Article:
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New approach in language lessons helps pupils progress more quickly

New approach in language lessons helps pupils progress more quickly


By Richard Garner, Education Editor
Wednesday, 7 May 2008

A pioneering project that is helping thousands of primary pupils to learn a foreign language shows they are progressing at about twice the rate of children using traditional textbooks.

A study of 1,000 pupils learning French through lessons delivered via a CD-Rom revealed significantly higher achievement during the course of a term. The results – to be published today – show their performance went up – on average – by between 0.5 and 0.8 of a level more than those using textbooks. A pupil is normally expected to take a year to progress by one level.

The study, by researchers at Durham University, is the first to indicate such a massive difference in performance between pupils learning through new computer technology and those still studying through traditional teaching methods. It has major implications for helping the Government to deliver its new requirement that every child should be learning a foreign language at the age of seven by the end of the decade.

The biggest fear among teachers' leaders was that there was likely to be a shortage of trained language teachers in primary schools to deliver the pledge. But under the project – devised by Monkseaton High School in Whitley Bay, North Tyneside, the first school to opt for "trust" status in the country, and which is in partnership with the Open University and Microsoft – teachers can start learning the language alongside their pupils if there is no one trained to deliver.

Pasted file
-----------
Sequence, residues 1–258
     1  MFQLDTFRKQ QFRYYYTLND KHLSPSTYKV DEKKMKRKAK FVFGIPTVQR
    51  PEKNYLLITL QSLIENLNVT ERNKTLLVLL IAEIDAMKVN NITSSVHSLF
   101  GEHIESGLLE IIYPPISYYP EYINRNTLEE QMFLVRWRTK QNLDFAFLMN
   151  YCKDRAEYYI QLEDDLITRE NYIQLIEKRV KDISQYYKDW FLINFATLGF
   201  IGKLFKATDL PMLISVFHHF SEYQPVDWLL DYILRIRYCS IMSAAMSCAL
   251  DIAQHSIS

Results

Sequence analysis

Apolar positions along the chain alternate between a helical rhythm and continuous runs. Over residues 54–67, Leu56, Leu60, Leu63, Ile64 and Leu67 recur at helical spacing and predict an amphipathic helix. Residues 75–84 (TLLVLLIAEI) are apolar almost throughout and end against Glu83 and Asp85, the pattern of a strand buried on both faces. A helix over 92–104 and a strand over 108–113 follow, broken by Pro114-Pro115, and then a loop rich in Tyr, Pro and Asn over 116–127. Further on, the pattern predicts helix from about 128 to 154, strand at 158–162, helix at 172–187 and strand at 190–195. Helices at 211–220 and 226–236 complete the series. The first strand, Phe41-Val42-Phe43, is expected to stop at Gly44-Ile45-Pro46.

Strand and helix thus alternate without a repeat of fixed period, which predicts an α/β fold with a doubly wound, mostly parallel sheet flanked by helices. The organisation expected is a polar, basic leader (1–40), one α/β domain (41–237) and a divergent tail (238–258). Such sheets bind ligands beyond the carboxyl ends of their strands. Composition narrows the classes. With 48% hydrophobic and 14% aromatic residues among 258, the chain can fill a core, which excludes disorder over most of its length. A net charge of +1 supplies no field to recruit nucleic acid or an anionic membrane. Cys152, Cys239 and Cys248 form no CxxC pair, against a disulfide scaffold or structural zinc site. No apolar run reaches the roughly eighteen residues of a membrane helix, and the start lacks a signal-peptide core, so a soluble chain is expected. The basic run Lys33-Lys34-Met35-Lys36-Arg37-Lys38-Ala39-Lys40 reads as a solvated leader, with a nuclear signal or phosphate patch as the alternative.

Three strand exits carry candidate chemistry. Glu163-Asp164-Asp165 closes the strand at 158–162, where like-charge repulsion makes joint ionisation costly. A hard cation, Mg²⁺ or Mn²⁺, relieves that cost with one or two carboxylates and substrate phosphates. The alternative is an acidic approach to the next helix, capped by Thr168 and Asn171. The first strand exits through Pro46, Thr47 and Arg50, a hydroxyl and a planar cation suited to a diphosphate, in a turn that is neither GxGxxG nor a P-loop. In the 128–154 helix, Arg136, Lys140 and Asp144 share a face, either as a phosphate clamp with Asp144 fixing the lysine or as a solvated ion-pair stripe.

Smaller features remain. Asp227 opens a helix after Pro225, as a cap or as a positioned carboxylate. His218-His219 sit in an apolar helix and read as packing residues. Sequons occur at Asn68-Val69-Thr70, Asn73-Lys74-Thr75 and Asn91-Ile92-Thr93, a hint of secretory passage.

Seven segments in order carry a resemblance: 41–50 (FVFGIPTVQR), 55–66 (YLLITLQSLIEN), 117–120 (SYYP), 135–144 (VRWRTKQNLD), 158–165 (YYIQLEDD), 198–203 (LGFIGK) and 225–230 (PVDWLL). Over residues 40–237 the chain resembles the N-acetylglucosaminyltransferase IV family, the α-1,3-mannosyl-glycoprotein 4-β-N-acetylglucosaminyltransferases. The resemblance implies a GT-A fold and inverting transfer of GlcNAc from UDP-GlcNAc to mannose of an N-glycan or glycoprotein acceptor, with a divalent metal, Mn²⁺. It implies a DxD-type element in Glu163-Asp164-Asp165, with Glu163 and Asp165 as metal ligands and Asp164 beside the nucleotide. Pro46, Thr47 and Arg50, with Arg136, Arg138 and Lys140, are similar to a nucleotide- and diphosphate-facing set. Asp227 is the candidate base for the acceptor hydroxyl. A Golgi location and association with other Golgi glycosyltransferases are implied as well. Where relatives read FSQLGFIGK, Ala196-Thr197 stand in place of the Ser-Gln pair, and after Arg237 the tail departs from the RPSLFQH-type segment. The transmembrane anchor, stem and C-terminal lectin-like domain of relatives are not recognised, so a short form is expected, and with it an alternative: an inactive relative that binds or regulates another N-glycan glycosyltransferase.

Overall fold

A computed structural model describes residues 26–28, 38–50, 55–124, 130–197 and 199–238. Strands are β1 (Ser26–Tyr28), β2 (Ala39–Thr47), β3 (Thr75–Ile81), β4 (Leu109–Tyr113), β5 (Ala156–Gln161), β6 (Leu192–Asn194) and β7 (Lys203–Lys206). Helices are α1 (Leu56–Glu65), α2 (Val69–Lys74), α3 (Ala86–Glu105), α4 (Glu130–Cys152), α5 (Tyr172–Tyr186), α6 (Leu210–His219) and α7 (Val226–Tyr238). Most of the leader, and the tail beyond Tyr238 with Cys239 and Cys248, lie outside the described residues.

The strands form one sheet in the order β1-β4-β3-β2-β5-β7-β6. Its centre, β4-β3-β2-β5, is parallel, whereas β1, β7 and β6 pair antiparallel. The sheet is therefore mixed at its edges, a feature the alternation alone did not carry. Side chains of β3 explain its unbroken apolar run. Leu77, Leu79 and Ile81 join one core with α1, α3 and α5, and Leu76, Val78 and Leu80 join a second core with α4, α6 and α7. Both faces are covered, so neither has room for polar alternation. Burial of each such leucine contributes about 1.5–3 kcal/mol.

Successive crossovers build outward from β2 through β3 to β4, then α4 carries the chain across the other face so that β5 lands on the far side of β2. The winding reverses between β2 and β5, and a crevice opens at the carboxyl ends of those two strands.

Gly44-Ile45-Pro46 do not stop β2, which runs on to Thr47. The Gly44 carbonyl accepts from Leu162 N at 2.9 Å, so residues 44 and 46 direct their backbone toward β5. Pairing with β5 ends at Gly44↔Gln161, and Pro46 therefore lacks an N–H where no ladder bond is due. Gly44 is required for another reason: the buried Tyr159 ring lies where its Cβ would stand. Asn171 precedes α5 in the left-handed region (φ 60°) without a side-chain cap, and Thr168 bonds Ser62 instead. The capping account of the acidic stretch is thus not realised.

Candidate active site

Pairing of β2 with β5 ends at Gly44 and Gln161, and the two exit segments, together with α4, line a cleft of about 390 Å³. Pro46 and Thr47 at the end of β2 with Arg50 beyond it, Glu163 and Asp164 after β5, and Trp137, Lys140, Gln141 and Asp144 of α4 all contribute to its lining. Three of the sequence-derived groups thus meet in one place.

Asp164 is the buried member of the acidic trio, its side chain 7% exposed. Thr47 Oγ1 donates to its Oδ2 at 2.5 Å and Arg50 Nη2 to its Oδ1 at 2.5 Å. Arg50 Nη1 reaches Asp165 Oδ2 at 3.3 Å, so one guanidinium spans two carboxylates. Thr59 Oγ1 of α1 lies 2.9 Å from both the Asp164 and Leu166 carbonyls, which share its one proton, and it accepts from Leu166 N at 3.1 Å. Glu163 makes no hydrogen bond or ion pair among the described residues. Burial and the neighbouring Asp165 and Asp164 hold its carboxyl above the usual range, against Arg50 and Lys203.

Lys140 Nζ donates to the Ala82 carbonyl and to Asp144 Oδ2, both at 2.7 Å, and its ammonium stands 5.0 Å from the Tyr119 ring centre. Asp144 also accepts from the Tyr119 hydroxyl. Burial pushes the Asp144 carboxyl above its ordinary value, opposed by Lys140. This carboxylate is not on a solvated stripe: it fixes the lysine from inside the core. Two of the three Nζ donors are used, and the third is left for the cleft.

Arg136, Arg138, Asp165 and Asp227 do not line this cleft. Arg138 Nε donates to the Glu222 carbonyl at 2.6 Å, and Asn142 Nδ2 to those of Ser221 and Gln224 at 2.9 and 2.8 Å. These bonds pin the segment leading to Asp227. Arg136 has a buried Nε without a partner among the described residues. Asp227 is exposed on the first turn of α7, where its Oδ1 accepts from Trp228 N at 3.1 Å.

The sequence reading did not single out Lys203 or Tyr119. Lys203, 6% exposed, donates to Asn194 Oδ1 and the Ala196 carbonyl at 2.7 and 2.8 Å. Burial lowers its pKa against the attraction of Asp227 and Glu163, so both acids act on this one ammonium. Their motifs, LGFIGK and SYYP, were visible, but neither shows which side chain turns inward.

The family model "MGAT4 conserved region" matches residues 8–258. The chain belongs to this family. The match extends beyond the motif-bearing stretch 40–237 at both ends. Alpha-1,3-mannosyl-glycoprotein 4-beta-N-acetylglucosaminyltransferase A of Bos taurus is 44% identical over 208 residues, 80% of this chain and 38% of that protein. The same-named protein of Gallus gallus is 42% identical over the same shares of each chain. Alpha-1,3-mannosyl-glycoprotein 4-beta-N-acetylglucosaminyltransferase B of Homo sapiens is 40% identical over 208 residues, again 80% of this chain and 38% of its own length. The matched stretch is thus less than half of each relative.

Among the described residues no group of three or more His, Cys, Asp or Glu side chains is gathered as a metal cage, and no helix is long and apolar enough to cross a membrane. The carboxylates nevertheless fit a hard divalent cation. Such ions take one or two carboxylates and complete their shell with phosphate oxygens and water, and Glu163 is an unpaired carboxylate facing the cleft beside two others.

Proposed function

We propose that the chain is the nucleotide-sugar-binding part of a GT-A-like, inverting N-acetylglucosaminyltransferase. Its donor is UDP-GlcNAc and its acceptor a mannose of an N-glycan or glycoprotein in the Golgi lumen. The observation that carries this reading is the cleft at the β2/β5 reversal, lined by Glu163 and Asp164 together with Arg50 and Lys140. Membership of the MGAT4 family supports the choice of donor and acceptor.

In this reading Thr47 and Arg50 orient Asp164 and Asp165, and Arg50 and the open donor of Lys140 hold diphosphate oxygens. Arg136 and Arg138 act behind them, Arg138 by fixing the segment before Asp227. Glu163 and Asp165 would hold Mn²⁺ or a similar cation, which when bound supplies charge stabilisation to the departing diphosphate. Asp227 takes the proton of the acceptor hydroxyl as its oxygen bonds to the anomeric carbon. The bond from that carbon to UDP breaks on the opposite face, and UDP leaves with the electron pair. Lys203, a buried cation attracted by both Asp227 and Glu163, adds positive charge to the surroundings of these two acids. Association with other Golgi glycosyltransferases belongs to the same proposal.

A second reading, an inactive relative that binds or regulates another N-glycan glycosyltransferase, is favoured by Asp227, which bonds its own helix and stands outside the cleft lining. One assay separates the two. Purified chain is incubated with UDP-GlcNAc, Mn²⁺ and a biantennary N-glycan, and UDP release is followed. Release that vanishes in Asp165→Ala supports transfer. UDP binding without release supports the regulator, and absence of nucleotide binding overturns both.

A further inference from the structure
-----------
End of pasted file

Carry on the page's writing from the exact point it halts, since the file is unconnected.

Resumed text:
If there is a trained teacher on the staff, they can then develop and adapt the units of the programme – which include stories and visual images of France thought more likely to spark interest in the subject than a traditional textbook.

At present, the project is delivering lessons to 1,600 primary schools. Paul Kelley, Monkseaton's headteacher, says the success of the programme has led to courses being created in Spanish, Mandarin, German and even English as a foreign language for pupils with a different mother tongue.

"Languages are so important for the future prosperity of this country and new approaches may make all the difference in changing our attitude to other languages," Mr Kelley added.

The research also shows that pupils using CD-Roms are more likely to rate themselves proficient in French and one of the best in the class than those using books.

In 2007, pupils aged 10 and 11 at Greenfields Primary School – also in North Tyneside – achieved grades equivalent to a foundation level GCSE pass five years before they would normally sit the exam.

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